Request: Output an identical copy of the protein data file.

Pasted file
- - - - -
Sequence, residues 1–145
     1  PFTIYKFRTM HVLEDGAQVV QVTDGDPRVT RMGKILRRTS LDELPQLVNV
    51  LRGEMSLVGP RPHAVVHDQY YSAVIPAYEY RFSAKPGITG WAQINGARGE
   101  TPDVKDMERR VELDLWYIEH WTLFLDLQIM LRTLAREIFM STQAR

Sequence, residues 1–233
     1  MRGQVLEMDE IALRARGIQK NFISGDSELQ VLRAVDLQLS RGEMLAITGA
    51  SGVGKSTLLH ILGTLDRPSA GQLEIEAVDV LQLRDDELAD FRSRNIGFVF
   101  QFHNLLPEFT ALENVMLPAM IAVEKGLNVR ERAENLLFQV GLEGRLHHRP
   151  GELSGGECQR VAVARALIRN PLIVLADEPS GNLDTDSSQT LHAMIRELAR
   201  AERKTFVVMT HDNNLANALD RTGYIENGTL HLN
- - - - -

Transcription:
Sequence, residues 1–145
     1  PFTIYKFRTM HVLEDGAQVV QVTDGDPRVT RMGKILRRTS LDELPQLVNV
    51  LRGEMSLVGP RPHAVVHDQY YSAVIPAYEY RFSAKPGITG WAQINGARGE
   101  TPDVKDMERR VELDLWYIEH WTLFLDLQIM LRTLAREIFM STQAR

Sequence, residues 1–233
     1  MRGQVLEMDE IALRARGIQK NFISGDSELQ VLRAVDLQLS RGEMLAITGA
    51  SGVGKSTLLH ILGTLDRPSA GQLEIEAVDV LQLRDDELAD FRSRNIGFVF
   101  QFHNLLPEFT ALENVMLPAM IAVEKGLNVR ERAENLLFQV GLEGRLHHRP
   151  GELSGGECQR VAVARALIRN PLIVLADEPS GNLDTDSSQT LHAMIRELAR
   201  AERKTFVVMT HDNNLANALD RTGYIENGTL HLN